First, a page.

Telescopes have been one of the most awe-inspiring instruments to not only the ardent scientists and astronomers, but to almost every human being. To be able to view fascinating objects billions and billions of miles away from us is truly a phenomenal experience that this instrument provides. What is even more enthralling is that telescopes ingeniously detect electromagnetic radiations as wel. There are large varieties of telescopes available, although the safest bet would be the optical telescopes. Telescopes are basically operated by focusing on the visible light of the electromagnetic spectrum and capturing it. Lens and mirrors are imperative to achieve the motive of this astronomical invention. Telescopes can be categorized in several ways. While some are classified according to their specification, ranging from professional to amateur, others are classified by the determining factor which is the type of light or particle reserved for observation. Yet there are others that are differentiated by the task they perform. The first functional telescope was constructed by Dutch lens makers that most popularly included Hans Lippershey, in 1608. However, these telescopes could only magnify objects by a factor of three. Soon enough, Galileo increased this to a factor of 32. Let’s delve deeper into the different types of telescopes as we read the rest of this article.
Different Kinds Of Telescopes
Various telescopes differ from others as they cater to observing differing types of electromagnetic radiation (EM). Optical telescopes are found in abundance. Apart from this, there are radio telescopes, infrared telescopes, gamma-ray telescopes, and x-ray telescopes. The earth’s atmosphere mars most of the discernible electromagnetic radiation, which has spawned several advances in the field of astronomy and the subject related instruments.
The attached lenses refract the light penetrating through the device. This light converges straight from the objective lens to a focal point, giving rise to a magnified view. Similar to the earliest optical telescopes, the refractor boasts of an optical system that is highly resistant to misalignment. Greatly reliable and very convenient to travel with, this rugged invention entails lesser cleaning as the glass surface inside the tube is sealed. However, refractor telescopes are more expensive than reflector telescopes. The best for the eye is apochromatic refractor telescopes, but it will drill a hole in your pocket nonetheless!
Unlike refractor telescopes, reflector telescopes capitalize on mirrors instead of lenses! Curved mirrors collect light and then reflect it for concentration. The parabolic shaped mirror helps focus the parallel rays of light emanating from the celestial bodies to a single focal point. Also identified as Newtonian Reflectors, these devices are budget friendly and very effective. Reflector telescopes spare you from the worries of chromatic aberration, since all wavelengths reflect off the mirror in the same manner. The downside of this device is that constant adjustments and alterations must be made to enhance smooth operation.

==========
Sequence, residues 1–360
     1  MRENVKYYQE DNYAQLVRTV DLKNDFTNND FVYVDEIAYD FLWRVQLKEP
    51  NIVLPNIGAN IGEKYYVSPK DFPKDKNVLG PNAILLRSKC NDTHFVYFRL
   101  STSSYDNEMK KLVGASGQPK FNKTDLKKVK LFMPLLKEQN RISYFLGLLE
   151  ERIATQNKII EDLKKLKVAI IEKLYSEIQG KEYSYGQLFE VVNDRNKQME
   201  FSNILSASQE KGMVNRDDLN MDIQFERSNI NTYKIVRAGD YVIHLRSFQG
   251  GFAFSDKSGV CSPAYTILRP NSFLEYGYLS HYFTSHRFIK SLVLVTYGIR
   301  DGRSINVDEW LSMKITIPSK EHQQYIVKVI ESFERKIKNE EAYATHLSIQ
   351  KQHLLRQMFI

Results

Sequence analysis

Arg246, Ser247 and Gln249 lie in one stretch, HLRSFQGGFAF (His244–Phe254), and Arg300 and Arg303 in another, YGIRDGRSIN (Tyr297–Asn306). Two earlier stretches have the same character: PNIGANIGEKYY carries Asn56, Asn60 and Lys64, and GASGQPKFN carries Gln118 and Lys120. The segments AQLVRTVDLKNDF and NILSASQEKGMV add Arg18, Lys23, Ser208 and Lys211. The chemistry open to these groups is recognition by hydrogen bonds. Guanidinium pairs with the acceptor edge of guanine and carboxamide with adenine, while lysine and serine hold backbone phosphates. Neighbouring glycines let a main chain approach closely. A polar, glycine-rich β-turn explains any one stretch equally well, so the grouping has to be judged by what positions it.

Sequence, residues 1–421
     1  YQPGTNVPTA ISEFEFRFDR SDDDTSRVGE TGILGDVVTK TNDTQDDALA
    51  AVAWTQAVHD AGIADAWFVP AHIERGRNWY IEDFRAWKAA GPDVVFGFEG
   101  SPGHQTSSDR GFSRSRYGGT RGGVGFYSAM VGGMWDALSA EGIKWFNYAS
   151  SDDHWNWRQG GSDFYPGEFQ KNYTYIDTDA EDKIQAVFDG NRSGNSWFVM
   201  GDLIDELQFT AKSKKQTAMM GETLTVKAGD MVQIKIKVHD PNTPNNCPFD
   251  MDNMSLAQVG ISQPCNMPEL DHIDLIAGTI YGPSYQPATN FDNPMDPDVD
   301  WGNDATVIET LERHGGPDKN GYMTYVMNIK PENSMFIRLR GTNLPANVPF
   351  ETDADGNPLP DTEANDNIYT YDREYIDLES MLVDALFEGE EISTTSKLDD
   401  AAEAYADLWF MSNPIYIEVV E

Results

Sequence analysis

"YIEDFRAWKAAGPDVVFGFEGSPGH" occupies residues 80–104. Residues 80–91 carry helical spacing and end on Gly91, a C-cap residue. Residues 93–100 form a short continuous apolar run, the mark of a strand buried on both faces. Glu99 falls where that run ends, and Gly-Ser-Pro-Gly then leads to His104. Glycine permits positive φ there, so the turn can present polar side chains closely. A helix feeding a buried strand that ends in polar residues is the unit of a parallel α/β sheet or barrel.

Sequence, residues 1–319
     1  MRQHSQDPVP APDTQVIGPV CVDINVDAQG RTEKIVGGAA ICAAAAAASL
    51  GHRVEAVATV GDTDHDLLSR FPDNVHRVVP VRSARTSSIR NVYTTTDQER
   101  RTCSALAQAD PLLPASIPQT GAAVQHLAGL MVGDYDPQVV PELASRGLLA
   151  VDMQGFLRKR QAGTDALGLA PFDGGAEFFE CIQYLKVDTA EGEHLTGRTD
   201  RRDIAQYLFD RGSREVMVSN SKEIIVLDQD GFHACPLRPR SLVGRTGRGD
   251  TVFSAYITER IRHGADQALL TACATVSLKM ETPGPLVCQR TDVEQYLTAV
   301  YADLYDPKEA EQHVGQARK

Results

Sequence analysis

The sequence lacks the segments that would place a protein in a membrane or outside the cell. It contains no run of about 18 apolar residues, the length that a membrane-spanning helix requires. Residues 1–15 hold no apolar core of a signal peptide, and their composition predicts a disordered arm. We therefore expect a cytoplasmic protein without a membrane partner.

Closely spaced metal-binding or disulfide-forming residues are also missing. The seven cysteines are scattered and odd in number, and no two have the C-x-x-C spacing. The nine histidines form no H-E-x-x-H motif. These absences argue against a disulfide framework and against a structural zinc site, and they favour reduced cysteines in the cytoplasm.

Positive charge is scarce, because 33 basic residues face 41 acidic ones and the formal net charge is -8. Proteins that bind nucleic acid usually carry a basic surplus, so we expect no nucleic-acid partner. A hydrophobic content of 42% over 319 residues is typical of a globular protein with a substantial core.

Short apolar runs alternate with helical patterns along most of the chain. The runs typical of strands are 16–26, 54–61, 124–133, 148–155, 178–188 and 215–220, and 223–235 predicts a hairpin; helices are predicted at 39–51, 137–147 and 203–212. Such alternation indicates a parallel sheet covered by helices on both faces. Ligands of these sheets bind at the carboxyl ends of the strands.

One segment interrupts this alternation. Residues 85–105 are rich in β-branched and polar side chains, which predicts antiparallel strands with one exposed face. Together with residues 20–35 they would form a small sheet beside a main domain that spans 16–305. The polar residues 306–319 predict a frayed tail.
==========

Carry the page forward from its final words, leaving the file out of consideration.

When both the salient features of the refractor and reflector telescopes are consolidated into one, you will most probably be left with a Catadioptric telescope. For the desired image to be magnified and viewed, both the mirrors and lenses direct and reflect the light towards a bigger mirror, thus, offering an overall better view. Although these sleek devices are small and easy to maneuver, they come with a heavy price. The Schmidt variety and the Maksutov are two very coveted variations of the Catadioptric telescopes.
Ideal for radio astronomy, radio telescopes are derived from dishes in groups or pairs. Relevant information from the satellites and space probes are gathered and tracked down through the utilization of a directional radio antenna. They serve as pivotal fixtures for the radio frequency portion of the electromagnetic spectrum.
X-Ray & Gamma Ray Telescopes
X-ray telescopes are obviously high energy telescopes used to observe the elements of the x-ray spectrum. Mirrors (composed of heavy metals) and coded apertures assist them in their image visualization task. Placed on either the satellites orbiting the earth or on high flying balloons, Gamma ray telescopes also visualize images.
A high quality pair of binoculars is often more efficient that a cheap telescope! If you cannot afford a decent optical telescope, you ought to invest in a fine set of binoculars and carry on with your astronomical expedition!
Now you have a wide array of telescopes to choose from. Your criterion can vary from design to price to clarity of view (which of course should matter the most). A telescope provides a peek into the mysterious universe that suspends far beyond our natural eyesight. To observe the celestial and terrestrial bodies is an experience one shouldn’t evade.